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improved, with reduced risks from the implantation process, longer lifetimes once implanted, and a better ability to restore a recipient to something like normal life. Other internal body parts are also under development, and in some cases commercially available, from skin and blood to tiny implanted devices that automatically release insulin for diabetics. If we reach the point where the artificial versions are supe- rior in capacity or lifetime to natural organs, we might realize the dream of extending the human lifespan by bionic means.

As we imagine the Six Million Dollar Human coming into being through these physical prosthetics, we can also imagine mental pros- thetics that go beyond merely injecting electronic pulses into the brain. Such enhancements might, for instance, give the brain additional ca- pacity by holding data in an exterior module, retrieving it on com- mand, and recording whatever experiences are worthy of permanent storage. Or they could give the human brain new levels of computing power, or enable direct brain-to-brain or brain-to-machine commu- nication. Another approach might be to use chemical rather than neuroelectronic means to alter brain function.At least one company is developing an implantable chip that contains several hundred minute reservoirs that can be filled with any desired set of drugs, to be dis- pensed to the body in variable combinations and dosages under mi- croprocessor control.Although the immediate medical purpose of the device is to deliver therapeutic drugs, there is obvious further poten- tial to modify mental acuity, mood, and personality.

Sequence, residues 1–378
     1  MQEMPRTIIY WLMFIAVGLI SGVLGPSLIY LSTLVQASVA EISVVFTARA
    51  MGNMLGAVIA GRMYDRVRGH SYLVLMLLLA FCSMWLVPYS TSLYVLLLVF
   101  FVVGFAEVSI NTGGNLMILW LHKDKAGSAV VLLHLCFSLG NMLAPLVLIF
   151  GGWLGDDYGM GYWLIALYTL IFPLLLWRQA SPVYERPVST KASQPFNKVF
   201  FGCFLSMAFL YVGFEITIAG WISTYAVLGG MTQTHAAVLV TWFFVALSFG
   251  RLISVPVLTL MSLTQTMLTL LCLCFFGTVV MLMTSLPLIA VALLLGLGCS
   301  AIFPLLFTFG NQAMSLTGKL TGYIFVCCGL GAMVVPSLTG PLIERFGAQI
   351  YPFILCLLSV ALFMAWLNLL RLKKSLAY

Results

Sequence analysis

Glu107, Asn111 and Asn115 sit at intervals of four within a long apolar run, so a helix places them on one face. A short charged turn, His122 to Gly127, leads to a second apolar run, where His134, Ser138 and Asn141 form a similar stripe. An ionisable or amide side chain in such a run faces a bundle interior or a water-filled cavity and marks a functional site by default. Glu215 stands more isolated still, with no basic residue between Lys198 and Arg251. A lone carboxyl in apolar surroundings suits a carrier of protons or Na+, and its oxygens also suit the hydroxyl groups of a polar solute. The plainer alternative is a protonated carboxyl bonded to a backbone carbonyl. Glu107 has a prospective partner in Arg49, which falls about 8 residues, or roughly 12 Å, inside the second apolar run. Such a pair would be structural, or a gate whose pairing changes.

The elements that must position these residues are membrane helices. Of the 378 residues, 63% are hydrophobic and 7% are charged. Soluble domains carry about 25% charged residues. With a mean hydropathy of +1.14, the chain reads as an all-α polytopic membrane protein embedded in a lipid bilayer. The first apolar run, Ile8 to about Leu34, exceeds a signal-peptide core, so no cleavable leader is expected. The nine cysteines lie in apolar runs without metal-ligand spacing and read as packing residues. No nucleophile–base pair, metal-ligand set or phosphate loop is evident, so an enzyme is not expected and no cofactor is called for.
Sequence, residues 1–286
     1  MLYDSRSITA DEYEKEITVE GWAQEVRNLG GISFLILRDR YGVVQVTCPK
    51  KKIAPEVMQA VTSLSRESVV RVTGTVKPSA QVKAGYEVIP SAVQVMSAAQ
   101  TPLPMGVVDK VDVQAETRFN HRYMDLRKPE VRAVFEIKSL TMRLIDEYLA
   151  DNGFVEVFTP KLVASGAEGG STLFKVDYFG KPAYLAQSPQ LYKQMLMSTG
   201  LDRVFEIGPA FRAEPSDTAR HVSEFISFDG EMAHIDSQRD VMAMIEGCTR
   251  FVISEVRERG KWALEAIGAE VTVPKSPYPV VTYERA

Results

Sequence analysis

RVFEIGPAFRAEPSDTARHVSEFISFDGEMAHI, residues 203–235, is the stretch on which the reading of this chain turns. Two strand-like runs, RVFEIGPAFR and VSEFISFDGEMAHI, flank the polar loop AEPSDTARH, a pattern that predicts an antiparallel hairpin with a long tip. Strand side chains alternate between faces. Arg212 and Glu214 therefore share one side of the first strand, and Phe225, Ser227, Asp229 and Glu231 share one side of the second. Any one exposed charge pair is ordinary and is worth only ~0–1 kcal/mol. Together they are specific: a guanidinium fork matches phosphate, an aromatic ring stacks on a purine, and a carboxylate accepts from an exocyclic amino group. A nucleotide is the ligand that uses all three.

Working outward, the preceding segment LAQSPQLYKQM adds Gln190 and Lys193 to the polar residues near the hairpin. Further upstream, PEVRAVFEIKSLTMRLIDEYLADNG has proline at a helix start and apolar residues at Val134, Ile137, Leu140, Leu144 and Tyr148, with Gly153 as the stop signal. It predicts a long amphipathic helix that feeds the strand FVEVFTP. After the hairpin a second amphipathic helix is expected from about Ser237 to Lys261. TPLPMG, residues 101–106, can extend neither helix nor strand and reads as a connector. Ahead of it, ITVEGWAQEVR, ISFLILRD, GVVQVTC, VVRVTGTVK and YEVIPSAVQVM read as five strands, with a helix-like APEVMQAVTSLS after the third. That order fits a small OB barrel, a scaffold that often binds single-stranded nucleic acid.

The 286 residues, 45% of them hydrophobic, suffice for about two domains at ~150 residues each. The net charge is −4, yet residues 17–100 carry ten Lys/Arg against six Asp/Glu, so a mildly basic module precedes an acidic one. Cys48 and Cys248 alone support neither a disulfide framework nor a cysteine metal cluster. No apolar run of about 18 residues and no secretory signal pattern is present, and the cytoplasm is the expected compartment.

These bionic possibilities require technological advances at every level, as I will discuss later in this book, because the obstacles are formidable. For example, despite the improvement offered by cochlear implants, fully replicating human hearing is an enormous task; the current technology activates only a small fraction of the sensors in the inner ear, the 15,000 hair cells in the cochlea. Consider then what it would take to achieve a reasonable artificial version of human vision, which employs 130 million rod and cone sensors in each eye.There are problems with physical implants as well, and not only the difficult issue of linking a synthetic leg to a brain. If they are to break Olympic running records, runners equipped with bionic legs will need power

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